Meanwhile, the number of homes for sale increased to 608,841 in May, a record high for the year. However, this was a 10.1 percent drop from last year, and a minor dip since April 2020, when the pandemic began. Redfin also reports that the median sales price for the four weeks ending May 29 was $400,999, up 16 percent year over year. Newly listed properties had a median asking price of $412,450, up 17 percent. We can add property value increase to another reason for buyer demand falling. Read More

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Blazing-Hot Housing Market Cooling Down: 1 in 5 U.S. home sellers lowered their price at some point in May

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Mortgage Demand Falls To Lowest Level Since December 2018

According to the Mortgage Bankers Association’s seasonally adjusted index, mortgage applications for home purchases declined 1% last week compared to the previous week. Despite a slight drop, mortgage rates are still much higher than at the beginning of the year – this, as the average contract interest rate for 30-year fixed-rate mortgages with conforming loan balances ($647,200 or less) decreased to 5.33% from 5.46%, with points dropping to 0.51 from 0.60 (including the origination fee) for loans with a 20% down payment.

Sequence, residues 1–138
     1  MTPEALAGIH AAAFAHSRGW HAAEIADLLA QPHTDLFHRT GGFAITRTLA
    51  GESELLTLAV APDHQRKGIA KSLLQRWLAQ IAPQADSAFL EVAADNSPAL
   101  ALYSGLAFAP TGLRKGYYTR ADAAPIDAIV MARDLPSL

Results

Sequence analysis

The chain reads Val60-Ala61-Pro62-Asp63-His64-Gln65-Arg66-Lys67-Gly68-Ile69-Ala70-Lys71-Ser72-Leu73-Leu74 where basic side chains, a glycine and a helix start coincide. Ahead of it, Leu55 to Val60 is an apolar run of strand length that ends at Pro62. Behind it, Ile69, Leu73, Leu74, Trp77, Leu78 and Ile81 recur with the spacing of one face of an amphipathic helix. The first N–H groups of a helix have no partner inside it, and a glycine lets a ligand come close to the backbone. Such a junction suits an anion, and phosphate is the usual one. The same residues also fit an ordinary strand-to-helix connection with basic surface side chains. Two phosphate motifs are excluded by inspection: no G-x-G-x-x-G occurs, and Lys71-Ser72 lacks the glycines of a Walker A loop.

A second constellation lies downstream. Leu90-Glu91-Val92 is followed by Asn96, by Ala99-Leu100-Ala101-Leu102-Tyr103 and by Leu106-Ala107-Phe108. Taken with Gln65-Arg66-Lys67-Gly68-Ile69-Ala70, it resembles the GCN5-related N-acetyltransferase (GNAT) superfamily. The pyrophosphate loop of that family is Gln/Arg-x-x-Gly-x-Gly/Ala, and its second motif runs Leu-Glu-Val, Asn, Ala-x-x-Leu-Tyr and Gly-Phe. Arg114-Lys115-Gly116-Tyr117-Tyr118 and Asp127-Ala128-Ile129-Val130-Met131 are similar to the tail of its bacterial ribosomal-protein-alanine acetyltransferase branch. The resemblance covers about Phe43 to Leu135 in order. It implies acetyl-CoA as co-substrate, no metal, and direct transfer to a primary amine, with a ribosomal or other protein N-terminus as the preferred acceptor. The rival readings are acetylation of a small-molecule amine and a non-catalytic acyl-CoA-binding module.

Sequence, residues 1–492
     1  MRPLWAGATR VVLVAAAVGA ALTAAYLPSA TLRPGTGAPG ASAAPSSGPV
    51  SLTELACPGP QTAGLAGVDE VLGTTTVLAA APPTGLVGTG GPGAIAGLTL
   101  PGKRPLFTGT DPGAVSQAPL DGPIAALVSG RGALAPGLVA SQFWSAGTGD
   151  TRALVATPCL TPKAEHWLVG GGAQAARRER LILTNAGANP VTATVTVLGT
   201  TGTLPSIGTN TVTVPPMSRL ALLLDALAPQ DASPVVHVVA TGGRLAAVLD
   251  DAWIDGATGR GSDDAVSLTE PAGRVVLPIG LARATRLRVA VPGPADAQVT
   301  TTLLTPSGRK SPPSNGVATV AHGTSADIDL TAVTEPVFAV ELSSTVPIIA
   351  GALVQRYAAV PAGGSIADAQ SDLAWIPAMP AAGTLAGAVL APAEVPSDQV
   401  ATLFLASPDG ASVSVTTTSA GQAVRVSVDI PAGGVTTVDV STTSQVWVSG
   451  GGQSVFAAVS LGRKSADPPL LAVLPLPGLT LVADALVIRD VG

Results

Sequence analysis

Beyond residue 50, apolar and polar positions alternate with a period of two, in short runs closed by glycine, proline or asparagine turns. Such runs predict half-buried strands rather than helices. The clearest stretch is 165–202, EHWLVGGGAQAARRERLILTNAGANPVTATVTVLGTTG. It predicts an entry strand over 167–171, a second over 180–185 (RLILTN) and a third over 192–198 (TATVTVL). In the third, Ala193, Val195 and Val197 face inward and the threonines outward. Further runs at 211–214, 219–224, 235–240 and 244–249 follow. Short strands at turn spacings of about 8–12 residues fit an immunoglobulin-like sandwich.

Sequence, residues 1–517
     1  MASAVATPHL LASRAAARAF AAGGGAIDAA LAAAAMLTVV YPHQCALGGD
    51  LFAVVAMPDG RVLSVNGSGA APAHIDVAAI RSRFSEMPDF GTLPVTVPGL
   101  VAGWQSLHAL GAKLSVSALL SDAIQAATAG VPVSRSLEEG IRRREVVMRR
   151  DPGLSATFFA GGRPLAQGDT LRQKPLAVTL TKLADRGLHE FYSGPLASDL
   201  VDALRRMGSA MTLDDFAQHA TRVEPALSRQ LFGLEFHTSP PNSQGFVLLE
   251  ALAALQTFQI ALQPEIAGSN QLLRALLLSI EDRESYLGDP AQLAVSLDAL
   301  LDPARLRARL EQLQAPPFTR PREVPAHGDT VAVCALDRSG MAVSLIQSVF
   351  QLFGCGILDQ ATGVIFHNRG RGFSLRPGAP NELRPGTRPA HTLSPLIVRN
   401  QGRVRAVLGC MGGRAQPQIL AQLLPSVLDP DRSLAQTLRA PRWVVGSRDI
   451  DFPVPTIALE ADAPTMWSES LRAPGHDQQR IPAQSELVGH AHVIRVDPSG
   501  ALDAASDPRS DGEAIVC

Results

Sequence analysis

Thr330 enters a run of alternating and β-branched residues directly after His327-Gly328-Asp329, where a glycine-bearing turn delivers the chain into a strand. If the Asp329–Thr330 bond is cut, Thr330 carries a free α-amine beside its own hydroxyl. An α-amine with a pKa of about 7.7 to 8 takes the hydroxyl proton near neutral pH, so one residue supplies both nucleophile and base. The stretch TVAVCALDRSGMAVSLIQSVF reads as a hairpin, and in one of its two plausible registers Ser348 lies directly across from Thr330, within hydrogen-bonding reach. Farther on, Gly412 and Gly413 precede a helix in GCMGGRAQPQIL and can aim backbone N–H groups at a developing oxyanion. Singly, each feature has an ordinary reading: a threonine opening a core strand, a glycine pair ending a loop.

Rising interest rates and rapid increases in housing prices are putting a strain on affordability. Because there is still so little supply on the market, prices are continuing to rise, but various levels of purchasers see different pictures. Refinance applications, which are more susceptible to rate changes than purchase applications, declined 5% this week and were 75% lower than last year. Although rates have dropped from their highs in recent weeks, refinance demand has remained flat because many borrowers took advantage of the low rates last year. Read More